Parents in Action: Dealing with an overweight child

TAMPA - Over the last decade, the number of overweight or obese children has skyrocketed to unseen figures. It's estimated that the growing epidemic affects one out of three children in the United States. And because childhood obesity is a hot-button topic, many people prefer to spend their time pointing fingers as opposed to finding a solution. At the end of the day, parents with an overweight child are left with one big question to be answered: How can I help my child live a healthier life?

Since the majority of heart attacks occur well past middle age, a potential problem a half-century away may not be high on your list of worries when it comes to your child's health. However, it's well-established that heart disease begins to develop in childhood, says Dr. J. Blaine John, a pediatric and fetal cardiologist at St. Joseph's Children's Hospital. Here are some steps Dr. John suggests to help your family fight the weight battle.

Get Physical

Where exercise is concerned, it need not be complicated. Playing outdoors, bicycling, swimming, organized sports and dancing are great exercise options and should be encouraged. For children 5 and older, the American Heart Association recommends at least 30 minutes of enjoyable, moderate-intensity activities every day and at least 30 minutes of vigorous physical activities three to four days a week to maintain heart and lung fitness. Signing your children up for a sports camp or one that focuses on physical activity as a way to keep them moving during the summer. Getting your kids to do this will be much easier when you limit T.V. watching, computer use and play with handheld computer games.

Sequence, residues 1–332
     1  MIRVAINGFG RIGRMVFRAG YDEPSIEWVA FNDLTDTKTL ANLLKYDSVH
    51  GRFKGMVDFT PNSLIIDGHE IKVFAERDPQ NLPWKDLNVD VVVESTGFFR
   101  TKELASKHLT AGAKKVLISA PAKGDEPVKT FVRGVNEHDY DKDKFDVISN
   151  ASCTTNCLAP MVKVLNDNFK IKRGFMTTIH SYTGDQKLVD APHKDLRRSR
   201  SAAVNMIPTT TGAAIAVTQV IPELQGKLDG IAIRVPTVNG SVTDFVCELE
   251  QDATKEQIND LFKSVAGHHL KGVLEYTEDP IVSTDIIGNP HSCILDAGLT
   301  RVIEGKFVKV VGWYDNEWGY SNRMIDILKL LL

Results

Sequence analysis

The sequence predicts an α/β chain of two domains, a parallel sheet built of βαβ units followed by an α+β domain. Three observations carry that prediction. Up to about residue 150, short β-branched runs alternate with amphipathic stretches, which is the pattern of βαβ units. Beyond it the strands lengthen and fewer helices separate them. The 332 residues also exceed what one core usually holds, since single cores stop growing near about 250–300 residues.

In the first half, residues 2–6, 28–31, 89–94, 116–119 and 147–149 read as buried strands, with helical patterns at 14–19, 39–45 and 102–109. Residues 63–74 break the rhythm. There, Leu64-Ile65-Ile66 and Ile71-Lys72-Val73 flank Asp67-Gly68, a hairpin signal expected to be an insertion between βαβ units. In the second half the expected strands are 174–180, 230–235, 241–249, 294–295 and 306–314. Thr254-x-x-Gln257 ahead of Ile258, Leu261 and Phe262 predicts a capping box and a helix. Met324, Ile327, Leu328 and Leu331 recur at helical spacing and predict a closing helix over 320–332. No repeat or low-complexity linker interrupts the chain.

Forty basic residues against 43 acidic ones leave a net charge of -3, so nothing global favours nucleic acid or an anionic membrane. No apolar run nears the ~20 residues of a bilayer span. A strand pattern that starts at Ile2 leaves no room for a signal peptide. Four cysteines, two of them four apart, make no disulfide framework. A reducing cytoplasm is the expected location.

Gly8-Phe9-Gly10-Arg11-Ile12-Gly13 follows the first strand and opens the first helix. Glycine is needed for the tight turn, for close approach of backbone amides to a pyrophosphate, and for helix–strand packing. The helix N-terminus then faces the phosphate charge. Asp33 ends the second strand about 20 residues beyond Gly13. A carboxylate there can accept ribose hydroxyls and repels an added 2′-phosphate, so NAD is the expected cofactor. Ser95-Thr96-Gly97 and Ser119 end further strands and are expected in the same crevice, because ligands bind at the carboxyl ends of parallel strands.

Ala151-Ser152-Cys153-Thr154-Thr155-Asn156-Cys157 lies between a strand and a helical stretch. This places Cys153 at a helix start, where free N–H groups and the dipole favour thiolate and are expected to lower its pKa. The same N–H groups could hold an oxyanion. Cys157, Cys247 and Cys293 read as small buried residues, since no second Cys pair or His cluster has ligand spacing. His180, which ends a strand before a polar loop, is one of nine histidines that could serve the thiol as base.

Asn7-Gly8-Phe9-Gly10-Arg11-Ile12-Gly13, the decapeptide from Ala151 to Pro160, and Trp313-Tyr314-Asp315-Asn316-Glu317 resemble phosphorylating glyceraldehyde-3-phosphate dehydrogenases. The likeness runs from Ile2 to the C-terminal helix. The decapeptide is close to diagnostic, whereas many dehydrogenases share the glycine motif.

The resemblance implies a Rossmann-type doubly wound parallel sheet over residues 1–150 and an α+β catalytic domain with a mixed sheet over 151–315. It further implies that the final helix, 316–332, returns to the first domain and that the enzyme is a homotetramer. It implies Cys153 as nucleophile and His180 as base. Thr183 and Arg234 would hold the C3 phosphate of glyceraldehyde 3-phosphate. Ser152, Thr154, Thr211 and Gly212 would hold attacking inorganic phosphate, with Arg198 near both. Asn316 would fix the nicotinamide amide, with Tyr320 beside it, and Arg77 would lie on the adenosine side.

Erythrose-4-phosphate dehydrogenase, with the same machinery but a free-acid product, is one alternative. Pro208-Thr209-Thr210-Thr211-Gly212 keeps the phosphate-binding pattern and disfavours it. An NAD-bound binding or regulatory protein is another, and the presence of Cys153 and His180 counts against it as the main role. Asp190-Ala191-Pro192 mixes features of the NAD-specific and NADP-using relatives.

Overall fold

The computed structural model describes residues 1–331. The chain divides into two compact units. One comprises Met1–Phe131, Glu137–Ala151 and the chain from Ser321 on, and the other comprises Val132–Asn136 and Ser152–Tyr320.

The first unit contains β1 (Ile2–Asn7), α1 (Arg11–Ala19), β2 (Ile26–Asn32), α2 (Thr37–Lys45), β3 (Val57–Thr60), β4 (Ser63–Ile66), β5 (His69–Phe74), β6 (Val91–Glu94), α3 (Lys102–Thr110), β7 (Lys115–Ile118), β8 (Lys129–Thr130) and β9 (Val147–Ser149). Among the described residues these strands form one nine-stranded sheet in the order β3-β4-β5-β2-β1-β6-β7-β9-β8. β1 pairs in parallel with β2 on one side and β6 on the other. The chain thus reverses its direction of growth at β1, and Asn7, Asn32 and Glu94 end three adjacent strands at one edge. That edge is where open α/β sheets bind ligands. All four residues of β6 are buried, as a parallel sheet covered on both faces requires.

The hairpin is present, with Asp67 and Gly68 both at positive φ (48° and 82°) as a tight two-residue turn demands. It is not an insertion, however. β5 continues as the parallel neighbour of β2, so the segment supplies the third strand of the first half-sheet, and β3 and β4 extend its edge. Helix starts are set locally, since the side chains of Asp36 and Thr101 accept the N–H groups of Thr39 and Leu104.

Watch What You Eat

The AHA also has dietary guidelines for children ages 2 and older, with good reason. According to research published in its journal Circulation, children who consumed fruits and vegetables once a day had healthier arteries as adults than those who reported eating fruits and vegetables less than twice a month.

The AHA's recommendations include:
•    Keeping total fat to no more than 30 % of daily calories (10% of which is saturated fat)
•    Holding dietary cholesterol to less than 300 mg per day
•    Using the "age + 5" guideline for calculating the appropriate amount of fiber. Using the formula, a 7-year-old should eat 12 grams of fiber (7 + 5 = 12).
•    Consuming at least five servings of fruits and vegetables each day and other foods low in saturated fat and cholesterol.

NEVER use food as a reward for your children's accomplishments. For a full list of dietary recommendations, visit .

Support Your Kids

Losing weight is not easy for anyone, including your kids. They will need your support to help them get through the more difficult moments. When times get tough make sure they firstly understand that you love them unconditionally and you want them to lose weight for health reasons. You can also support your child by setting achievable goals. Once certain milestones are achieved, celebrate by going to the beach, on a walk or just playing out in the yard together. Although on the rise, obesity is a man-made problem that can be solved by man. With a little work and support your family can be on their way to happy, healthy lives.

St. Joseph's Children's Hospital

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